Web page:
Dec. 27 (Bloomberg) -- Taiwan said it will ease regulations to attract investment as it pledged to boost growth over the next four years from about 1 percent currently.
The Cabinet targets average gross domestic product growth of 4.5 percent from 2013 to 2016 with inflation of no more than 2 percent over the same period, spokeswoman Cheng Li-Wun said at a press conference in Taipei today. It is aiming for an unemployment rate of 3.9 percent in 2016, she said, signaling a reduction from November’s 4.27 percent level.
“We emphasize capital accumulation in growth for next year,” Yiin Chii-Ming, Taiwan’s minister for the Council for Economic Planning and Development, said in Taipei today. “We hope to improve environments for investments” by easing laws and regulations, Yiin said.
Taiwan’s economy grew 0.98 percent last quarter from a year earlier, less than previously estimated, even as a recovery in China boosted the island’s industrial output and exports. The government has sought to improve relations with the mainland, its biggest overseas market, having signed an Economic Cooperation Framework Agreement to strengthen trade and investment ties.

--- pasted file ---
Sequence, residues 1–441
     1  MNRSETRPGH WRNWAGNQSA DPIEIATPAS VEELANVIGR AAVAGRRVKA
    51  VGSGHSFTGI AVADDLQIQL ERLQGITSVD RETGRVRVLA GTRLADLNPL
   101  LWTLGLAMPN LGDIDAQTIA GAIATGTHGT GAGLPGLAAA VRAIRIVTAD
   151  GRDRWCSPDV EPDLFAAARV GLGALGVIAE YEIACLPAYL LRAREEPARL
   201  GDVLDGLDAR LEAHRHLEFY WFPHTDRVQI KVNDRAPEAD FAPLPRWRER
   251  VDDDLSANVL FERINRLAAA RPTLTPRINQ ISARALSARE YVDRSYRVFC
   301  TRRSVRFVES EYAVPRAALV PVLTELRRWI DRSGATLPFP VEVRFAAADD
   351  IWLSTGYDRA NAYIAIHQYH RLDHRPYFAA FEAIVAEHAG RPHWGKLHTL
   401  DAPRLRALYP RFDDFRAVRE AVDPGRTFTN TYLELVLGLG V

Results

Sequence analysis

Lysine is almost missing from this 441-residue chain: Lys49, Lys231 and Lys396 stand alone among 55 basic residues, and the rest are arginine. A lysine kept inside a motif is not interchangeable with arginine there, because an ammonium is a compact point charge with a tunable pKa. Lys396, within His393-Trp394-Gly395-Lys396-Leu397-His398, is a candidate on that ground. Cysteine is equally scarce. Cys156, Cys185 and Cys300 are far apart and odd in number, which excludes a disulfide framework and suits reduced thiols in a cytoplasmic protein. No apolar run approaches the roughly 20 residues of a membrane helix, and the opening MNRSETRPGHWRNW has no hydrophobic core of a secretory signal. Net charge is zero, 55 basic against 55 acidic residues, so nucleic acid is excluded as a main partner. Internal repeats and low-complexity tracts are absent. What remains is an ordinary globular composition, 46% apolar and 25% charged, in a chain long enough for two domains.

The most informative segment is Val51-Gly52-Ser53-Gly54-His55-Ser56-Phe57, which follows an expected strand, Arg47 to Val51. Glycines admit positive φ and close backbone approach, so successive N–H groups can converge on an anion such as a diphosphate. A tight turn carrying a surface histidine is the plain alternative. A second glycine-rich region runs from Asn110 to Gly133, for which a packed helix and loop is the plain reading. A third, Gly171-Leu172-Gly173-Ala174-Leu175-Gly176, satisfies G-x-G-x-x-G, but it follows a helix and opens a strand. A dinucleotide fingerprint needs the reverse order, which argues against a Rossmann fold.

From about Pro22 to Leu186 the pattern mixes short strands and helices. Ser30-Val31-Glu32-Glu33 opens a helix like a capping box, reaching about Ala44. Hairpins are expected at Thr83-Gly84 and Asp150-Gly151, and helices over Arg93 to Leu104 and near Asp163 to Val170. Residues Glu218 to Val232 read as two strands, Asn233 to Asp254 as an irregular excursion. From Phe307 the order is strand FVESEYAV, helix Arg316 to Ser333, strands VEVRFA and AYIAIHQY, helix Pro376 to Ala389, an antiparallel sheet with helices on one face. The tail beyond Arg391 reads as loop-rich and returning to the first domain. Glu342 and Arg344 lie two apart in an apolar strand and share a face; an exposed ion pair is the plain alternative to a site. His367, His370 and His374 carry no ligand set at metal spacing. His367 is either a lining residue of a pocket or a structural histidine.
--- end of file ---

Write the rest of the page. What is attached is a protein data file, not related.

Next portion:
The Cabinet has approved an economic growth target of 3.8 percent for next year, Premier Sean Chen said in a statement on the government’s website today. The unemployment rate target is set at 4.1 percent for 2013, with inflation of no more than 2 percent, according to the statement. The government said on Nov. 23 GDP may expand 3.15 percent next year from 3.09 percent forecast earlier.
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